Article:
• Focus on return on investment (ROI). ROI is another powerful motivator for most budget committees, so be sure to develop a credible ROI model. If possible, review the model with a finance expert who can critique your assumptions prior to the presentation. You can then underscore this external validation by the financial expert when you present your case. If the automation investment will deliver an ROI in less than 12 months, you have a strong point to leverage. 
  • Anticipate roadblocks. Be prepared to address any challenges the committee may raise. For example, if the committee cites a lack of capital, is there a way to phase in the proposed solution in order to bridge a capital cycle? Come to the meeting with a Plan B so you do not have to wait until the next committee meeting to respond to any roadblocks. 
  • Use stories to connect emotionally. One of the best ways to connect with decision makers is to share examples or anecdotes from your organization to demonstrate the impact the proposed automation can impart. If you are suggesting a piece of technology to improve patient safety, relate that to an error that occurred in your facility. Although you can augment this with national error rates and others’ experiences, keep in mind that many organizations resist learning from the mistakes of others; errors are sometimes only instructive when they happen at your facility. 
  • Build on past successes. Build on the trust pharmacy has engendered through a positive track record with other projects. If the decision makers have invested successfully in pharmacy on previous occasions, remind them of those positive experiences. 
  • Do your homework. Inform the committee of additional alternatives you explored. This helps to increase their confidence that you have done all appropriate due diligence before presenting your solution as the best option.
  • Address scalability. A detailed explanation of how the solution can be scaled up over time will give the committee confidence that it is sufficiently flexible to meet future demands. Delineate any risks associated with the project and outline what you will do to mitigate them to further engender their trust in your decision.
  • Consider time sensitivity. Is the proposed technology time-sensitive in any way? For example, does the technology address impending regulatory issues? What is the downside or potential cost of not taking prompt action? If there is a safety aspect associated with the technology, what is the risk profile impact of not acting? Explore benchmarking opportunities to support your case.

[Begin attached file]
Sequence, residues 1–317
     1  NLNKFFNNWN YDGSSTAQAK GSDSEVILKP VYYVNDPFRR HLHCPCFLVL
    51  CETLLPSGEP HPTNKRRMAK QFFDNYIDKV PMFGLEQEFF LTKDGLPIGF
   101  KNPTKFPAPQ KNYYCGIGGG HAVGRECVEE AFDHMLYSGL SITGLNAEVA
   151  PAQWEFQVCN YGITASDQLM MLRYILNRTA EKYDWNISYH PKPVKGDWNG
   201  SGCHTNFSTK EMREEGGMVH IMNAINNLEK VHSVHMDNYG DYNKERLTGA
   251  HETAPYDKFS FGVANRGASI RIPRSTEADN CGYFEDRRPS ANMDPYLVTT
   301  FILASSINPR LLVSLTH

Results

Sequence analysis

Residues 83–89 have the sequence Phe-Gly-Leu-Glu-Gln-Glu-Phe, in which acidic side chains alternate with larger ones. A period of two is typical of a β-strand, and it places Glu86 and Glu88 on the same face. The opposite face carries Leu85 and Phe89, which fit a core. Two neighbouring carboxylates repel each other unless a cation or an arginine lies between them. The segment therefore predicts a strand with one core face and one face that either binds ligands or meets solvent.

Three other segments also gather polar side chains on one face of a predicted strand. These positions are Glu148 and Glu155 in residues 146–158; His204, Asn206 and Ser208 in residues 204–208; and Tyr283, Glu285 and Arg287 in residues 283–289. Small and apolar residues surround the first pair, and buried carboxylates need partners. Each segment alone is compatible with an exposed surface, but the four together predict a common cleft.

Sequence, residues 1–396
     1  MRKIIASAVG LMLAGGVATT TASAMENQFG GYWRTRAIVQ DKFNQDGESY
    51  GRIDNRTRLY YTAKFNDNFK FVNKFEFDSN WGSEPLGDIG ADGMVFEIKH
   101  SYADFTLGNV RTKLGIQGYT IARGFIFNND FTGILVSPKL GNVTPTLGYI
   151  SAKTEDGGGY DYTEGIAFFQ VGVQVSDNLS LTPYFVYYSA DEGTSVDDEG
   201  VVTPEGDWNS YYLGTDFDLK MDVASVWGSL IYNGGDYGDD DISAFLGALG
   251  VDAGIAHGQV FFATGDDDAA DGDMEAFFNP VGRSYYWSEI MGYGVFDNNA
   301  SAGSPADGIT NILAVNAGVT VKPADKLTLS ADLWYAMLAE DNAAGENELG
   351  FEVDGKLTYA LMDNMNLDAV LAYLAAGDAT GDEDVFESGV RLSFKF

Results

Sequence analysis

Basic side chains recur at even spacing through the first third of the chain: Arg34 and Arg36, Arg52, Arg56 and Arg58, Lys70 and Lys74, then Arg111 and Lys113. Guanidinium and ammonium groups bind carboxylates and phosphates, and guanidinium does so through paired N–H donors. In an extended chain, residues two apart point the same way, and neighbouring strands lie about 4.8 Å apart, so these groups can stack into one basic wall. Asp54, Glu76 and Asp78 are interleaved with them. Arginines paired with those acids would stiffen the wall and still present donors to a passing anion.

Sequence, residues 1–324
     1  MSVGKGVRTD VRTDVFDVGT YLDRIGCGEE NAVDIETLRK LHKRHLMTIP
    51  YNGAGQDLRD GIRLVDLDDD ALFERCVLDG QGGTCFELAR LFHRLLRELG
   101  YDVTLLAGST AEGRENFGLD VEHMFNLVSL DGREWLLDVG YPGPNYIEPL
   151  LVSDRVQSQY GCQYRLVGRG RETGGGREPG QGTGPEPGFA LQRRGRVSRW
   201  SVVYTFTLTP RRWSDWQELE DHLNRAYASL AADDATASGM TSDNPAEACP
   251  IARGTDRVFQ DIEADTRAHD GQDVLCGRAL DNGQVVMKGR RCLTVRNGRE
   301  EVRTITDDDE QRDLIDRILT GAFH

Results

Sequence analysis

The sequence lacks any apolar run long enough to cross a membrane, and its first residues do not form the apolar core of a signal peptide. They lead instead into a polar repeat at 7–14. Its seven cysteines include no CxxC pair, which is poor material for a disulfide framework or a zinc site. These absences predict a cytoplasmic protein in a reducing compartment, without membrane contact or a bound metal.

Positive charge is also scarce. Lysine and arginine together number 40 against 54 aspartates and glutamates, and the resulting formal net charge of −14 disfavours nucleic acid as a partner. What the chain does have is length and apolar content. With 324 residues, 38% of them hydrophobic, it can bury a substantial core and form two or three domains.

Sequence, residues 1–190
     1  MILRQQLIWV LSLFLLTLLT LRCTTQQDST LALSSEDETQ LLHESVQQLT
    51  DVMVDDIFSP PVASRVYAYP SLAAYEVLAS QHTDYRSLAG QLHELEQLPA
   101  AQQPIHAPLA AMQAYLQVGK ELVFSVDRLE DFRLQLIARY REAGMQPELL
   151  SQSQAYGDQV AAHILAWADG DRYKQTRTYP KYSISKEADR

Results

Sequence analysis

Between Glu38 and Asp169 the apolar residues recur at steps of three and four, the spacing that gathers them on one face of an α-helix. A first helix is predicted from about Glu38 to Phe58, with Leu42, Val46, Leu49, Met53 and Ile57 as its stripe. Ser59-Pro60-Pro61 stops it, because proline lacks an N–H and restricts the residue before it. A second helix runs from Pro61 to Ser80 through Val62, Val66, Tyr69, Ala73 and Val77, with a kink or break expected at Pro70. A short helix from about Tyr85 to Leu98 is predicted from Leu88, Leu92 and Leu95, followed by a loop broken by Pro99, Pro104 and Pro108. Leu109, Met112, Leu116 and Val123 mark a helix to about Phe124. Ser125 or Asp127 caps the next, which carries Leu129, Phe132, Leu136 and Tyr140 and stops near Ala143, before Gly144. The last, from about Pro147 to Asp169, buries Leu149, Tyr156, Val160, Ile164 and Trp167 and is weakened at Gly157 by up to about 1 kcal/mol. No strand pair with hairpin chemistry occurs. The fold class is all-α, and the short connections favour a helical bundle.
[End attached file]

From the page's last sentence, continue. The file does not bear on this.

Finally, like any superior salesperson, close by specifically asking for the committee’s commitment or at least a specific date by which you will receive a response. Before you leave the room, ensure that all of the committee members’ questions have been fully addressed.

Practice Your Presentation
Give the presentation to other stakeholders to make certain your proposition is clear and that you can deliver the proposal effectively. Consider including the prospective automation vendor in your practice sessions; vendors tend to not only have a wealth of experience and product knowledge, but also a perspective that is especially sensitive to ROI for the organization.

Making an effective and compelling case for pharmacy automation is a critical skill for pharmacy leaders. The art of selling your idea starts with understanding the values of those on the budget committee who will be deciding how to allocate limited capital resources. Diagnosing their WIIFTs is a critical step toward convincing decision makers of the institutional benefits of the proposed technology. Support from influential internal and external experts is helpful, as is an endorsement by a finance authority regarding your ROI model and its assumptions. Finally, keeping the presentation succinct and focused on expected benefits, and illustrating it with facility-specific stories, will help you connect with the decision makers and increase the likelihood of a positive decision in this competitive funding environment.

References

  1. Pink DH. To Sell Is Human: The Surprising Truth About Moving Others. New York, NY: Riverhead Books; 2012.
  2. How to Close a Sale. Inc.com Web site. http://www.inc.com/guides/2010/05/closing-the-sale.html. Updated May 18, 2010. Accessed June 24, 2014.
  3. Daly JA. Advocacy: Championing Ideas and Influencing Others. New Haven, CT: Yale University Press; 2011.

James G. Stevenson, PharmD, FASHP, is president of hospitals and health systems services at Visante, Inc, in St. Paul, Minnesota. Before joining Visante, Stevenson was chief pharmacy officer at the University of Michigan Health System and associate dean and department chair of clinical, social, and administrative sciences at the University of Michigan College of Pharmacy. 

James A. Jorgenson, RPh, MS, FASHP, is chief executive officer and chairman of the board of Visante, Inc, and Visante Limited. Before joining Visante, Jim was chief pharmacy officer and vice president of Indiana University Health, where he was responsible for the design and operation of the system’s pharmacy services supporting IU Health’s integrated delivery network.